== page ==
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Government & Politics

Somber from Week’s Headlines, Dems Get Fired Up at Unity Rally

Democratic activists who came together in Montgomery County on Thursday night may have needed some solace. Their gathering, a quadrennial “Kiss-and-Make-Up” event that occurs after hotly contested primaries like Tuesday’s, occurred as police in Annapolis were investigating the nation’s latest mass shooting, a grisly attack on journalists at a local newspaper.  It also came at the end of a week that brought Justice Anthony Kennedy’s retirement announcement — and the seeming likelihood of a more conservative Supreme Court for decades to come — along with fresh court rulings against unions and immigrants. Fortunately for the more than 200 candidates — successful and otherwise — and party activists who crammed into the ballroom at the Pooks Hill Marriott in Bethesda, party stars like Rep. Jamie Raskin and U.S. Sen. Benjamin L. Cardin, and the cleanup hitter, newly-minted gubernatorial hopeful Benjamin T. Jealous, succeeded in getting the crowd whooping and fired up. Democratic gubernatorial nominee Benjamin T. Jealous at a party unity event in Bethesda Thursday night. Photo by Bruce DePuyt   It fell to Raskin to set the tone, and he gave a rousing address. After talking about the massacre in Annapolis, the need for “common-sense gun reforms” and the threats posed by climate change and President Trump, he acknowledged: “These are tough times.” “But we are Democrats,” he said. “We are the heirs to the civilizing movements of the last century. We are the heirs to the labor movement, and the civil rights movement, and the women’s movement, and the LGBT movement, and the environmental movement!” After opening with pain, he closed with Paine. “Everyone who stands with us now will win the love, and the favor, and the affection of every man and every woman for all time.” Cardin declared that many landmark Supreme Court rulings “are at risk” because of the retirement of Kennedy, a frequent swing vote. In robust remarks, the usually soft-spoken Cardin exhorted Democrats to focus on November. “We need unity and energy moving forward! I am excited about Ben Jealous and [his running mate] Susie Turnbull,” he said to cheers. “They have my complete support. We’re going to be working together in a unity team for Maryland and the nation.” Businessman David J. Trone, winner of the congressional primary in the 6th district, heaped praise on his former rivals, one of whom, physician Nadia Hashimi, was in the room. Likewise, Jealous singled out each of his primary opponents, including two who were present, state Sen. Richard S. Madaleno Jr. and for Obama administration official Krishanti Vignarajah. He also reminded the crowd about the strength of personality that the late Baltimore County executive Kevin B. Kamenetz brought to his brief gubernatorial campaign. “The only reason that we did not win [the race for governor] four years ago is that we did not show up,” he said. “Kevin Kamenetz is somebody who always showed up. Let us make sure that we lead and we win in a way that would make him proud.” “We have an opportunity not just to beat Larry Hogan but to wallop him,” Jealous said. Meanwhile, the race for Montgomery County executive remains unresolved because the top Democratic primary vote-getters, Councilman Marc B. Elrich and businessman David T. Blair, are all but tied [see related story].  Elrich appeared in person, using his remarks to urge election of a General Assembly that will provide Montgomery County the school construction funding it needs. Blair appeared by video. Two other vanquished candidates for county executive, Councilman George L. Leventhal and House Majority Leader C. William Frick also attended.  But that race seemed like an after-thought on a night when concerns were elsewhere. Though many in the room were weary from the long, just-concluded primary, one that didn’t appear to excite many voters, party Chairwoman Kathleen Matthews had an urgent, practical message: “No summer vacations. We’ve got to be out there organizing and talking [and] listening to voters. Listening to those Larry Hogan voters.”   And perhaps not surprising in a community where more people follow national politics than what happens in Rockville or Annapolis, Matthews drew the loudest cheers of the night when she declared: “Maryland is going to be a state with eight Democratic members of Congress. … We’re going to pick up the First Congressional District on the Eastern Shore and get rid of [Republican incumbent] Andy Harris!” [email protected]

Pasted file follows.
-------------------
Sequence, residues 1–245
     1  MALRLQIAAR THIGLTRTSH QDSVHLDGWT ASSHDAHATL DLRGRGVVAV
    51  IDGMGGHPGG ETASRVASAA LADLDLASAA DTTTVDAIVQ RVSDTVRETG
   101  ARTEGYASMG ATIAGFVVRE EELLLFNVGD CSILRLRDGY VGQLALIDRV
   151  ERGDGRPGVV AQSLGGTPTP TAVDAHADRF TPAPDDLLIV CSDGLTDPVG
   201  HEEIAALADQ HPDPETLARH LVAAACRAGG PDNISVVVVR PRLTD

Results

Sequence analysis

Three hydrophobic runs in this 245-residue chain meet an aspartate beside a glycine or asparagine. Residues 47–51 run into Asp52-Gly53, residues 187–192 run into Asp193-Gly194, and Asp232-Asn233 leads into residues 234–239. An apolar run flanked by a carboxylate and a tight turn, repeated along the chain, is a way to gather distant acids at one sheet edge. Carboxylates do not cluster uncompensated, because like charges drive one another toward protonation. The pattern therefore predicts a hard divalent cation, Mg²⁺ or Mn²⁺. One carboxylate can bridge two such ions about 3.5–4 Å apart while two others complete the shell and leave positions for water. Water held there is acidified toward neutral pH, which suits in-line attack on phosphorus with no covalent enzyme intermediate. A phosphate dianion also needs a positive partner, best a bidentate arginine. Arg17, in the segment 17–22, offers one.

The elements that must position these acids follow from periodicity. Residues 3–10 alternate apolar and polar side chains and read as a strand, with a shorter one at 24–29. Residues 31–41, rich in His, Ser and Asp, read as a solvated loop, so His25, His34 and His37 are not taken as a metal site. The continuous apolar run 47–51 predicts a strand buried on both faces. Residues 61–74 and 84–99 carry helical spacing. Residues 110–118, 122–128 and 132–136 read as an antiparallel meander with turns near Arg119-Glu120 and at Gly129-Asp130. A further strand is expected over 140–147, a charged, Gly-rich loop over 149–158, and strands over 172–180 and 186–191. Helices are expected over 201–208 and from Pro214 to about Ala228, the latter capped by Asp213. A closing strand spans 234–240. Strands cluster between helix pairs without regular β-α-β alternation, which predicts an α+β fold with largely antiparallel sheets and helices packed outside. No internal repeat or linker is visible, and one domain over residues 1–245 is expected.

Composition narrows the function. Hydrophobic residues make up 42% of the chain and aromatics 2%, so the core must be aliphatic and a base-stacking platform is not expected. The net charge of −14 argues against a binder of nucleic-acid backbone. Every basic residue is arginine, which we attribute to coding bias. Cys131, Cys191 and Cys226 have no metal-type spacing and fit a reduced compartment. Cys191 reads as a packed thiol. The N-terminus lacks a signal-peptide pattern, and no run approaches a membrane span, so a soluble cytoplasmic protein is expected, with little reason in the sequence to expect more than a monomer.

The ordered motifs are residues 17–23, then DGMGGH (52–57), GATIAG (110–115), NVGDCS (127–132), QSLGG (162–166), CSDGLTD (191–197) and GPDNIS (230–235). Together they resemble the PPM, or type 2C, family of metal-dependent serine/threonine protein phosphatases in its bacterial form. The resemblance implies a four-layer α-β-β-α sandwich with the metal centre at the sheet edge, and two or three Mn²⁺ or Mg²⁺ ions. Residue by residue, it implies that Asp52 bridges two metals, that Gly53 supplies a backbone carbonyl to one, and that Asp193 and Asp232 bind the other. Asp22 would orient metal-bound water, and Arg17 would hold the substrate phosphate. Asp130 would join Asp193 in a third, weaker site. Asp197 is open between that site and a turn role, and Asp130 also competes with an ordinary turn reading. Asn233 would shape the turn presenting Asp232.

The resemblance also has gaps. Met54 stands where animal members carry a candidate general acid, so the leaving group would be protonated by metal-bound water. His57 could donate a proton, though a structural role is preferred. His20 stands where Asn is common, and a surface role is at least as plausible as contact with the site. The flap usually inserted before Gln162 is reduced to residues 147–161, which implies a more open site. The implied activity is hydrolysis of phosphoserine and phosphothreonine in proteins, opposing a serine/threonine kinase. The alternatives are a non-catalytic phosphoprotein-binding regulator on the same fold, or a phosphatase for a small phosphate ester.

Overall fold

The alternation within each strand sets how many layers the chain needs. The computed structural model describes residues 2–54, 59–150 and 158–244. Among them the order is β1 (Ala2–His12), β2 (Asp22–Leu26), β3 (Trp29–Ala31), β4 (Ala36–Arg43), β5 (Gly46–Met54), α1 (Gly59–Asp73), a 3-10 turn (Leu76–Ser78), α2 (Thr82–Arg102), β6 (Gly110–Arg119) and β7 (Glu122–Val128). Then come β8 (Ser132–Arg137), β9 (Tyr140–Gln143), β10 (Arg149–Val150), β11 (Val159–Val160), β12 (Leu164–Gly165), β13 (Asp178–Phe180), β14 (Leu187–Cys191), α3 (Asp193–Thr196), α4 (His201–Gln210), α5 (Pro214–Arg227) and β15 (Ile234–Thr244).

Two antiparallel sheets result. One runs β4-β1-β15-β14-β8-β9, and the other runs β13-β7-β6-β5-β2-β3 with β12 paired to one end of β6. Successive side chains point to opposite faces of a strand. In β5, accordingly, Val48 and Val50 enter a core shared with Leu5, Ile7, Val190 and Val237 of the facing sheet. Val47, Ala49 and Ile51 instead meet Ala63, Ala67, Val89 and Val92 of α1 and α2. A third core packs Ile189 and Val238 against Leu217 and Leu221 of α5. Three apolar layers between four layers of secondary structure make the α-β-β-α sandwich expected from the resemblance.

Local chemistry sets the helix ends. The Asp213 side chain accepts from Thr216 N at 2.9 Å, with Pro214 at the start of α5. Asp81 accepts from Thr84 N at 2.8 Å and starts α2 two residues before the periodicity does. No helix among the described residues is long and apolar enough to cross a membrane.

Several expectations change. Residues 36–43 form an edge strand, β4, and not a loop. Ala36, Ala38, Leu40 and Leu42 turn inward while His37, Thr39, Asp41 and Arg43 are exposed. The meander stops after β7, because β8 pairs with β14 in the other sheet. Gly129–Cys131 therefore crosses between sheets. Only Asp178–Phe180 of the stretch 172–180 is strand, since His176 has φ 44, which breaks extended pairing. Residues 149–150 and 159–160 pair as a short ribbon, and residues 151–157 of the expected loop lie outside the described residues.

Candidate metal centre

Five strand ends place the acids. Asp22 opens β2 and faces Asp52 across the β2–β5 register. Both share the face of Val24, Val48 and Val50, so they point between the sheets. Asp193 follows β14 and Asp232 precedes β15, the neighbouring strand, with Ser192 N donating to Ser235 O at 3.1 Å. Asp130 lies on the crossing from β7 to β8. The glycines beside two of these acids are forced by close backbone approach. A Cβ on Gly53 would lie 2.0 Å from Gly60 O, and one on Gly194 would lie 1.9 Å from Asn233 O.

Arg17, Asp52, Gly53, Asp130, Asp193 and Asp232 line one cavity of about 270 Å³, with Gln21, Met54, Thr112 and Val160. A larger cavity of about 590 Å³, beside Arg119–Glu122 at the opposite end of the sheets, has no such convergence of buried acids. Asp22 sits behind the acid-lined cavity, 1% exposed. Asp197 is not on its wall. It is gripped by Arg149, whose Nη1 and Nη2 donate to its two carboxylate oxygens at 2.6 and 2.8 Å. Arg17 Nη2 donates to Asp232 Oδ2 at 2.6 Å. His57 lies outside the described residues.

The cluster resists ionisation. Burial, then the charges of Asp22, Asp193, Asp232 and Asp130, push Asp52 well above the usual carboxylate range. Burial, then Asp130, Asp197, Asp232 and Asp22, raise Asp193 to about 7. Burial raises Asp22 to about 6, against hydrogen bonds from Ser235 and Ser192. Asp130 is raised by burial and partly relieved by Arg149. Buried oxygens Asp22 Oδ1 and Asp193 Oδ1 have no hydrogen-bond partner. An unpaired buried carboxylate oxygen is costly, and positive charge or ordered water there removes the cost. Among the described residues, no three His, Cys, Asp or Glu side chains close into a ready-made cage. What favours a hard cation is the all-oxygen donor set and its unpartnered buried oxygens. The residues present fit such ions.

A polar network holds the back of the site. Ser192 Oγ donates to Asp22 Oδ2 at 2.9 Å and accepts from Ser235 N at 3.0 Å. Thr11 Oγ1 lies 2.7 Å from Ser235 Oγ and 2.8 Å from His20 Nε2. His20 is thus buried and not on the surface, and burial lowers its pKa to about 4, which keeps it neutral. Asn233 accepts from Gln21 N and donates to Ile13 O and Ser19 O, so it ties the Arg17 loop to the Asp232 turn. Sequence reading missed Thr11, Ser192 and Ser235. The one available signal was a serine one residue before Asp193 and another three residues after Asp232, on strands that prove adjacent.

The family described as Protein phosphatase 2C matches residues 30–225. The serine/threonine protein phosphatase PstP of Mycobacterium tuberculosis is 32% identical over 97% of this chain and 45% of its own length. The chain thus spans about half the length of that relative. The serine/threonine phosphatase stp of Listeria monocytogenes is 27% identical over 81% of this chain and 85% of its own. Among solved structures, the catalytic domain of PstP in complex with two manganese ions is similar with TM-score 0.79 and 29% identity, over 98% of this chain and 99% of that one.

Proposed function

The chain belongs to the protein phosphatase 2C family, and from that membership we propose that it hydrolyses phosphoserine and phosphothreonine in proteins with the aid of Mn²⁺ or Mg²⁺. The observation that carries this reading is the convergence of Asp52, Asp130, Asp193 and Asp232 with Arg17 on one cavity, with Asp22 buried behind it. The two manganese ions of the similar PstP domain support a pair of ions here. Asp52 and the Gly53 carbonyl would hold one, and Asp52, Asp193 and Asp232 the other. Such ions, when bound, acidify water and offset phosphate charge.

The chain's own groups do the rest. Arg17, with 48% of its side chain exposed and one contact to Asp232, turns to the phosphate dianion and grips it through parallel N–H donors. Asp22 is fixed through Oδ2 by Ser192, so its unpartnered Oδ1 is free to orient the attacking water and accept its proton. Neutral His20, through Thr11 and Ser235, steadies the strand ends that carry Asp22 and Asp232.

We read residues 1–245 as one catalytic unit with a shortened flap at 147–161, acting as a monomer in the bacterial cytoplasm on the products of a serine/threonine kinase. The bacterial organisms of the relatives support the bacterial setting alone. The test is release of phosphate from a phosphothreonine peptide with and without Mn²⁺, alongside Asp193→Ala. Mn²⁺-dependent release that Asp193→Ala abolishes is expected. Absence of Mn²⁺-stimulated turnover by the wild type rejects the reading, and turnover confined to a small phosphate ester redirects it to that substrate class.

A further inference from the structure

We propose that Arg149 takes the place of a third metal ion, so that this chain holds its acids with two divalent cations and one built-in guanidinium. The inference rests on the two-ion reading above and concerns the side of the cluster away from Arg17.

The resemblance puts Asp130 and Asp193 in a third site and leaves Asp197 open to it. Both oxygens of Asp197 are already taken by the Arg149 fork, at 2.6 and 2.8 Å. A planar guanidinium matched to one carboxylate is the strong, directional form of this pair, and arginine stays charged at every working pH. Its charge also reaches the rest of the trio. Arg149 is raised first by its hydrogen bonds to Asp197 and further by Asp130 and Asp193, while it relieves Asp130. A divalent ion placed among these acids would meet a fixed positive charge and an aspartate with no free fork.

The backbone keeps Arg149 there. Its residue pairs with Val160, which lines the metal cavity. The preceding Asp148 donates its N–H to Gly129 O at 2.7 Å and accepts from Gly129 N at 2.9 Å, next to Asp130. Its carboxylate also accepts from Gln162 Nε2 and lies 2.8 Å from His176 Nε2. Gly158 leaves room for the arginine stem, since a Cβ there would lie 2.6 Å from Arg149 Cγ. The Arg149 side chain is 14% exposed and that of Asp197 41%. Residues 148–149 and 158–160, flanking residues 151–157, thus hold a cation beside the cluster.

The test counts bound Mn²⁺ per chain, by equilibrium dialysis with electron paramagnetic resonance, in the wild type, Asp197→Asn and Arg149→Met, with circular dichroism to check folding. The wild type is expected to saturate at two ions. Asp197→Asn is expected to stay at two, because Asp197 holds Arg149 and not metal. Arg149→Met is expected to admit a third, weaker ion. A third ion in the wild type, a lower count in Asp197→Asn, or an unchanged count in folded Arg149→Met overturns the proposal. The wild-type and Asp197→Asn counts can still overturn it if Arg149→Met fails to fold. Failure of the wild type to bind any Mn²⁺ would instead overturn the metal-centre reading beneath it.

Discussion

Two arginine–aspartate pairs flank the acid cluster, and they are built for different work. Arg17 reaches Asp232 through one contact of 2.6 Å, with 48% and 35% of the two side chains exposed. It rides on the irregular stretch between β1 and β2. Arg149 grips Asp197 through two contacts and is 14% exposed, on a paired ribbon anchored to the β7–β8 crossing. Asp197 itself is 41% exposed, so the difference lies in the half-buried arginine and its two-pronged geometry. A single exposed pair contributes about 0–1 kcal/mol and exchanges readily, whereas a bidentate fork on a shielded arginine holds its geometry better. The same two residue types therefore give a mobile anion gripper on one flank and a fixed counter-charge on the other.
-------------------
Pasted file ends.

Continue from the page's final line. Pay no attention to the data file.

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Somber from Week’s Headlines, Dems Get Fired Up at Unity Rally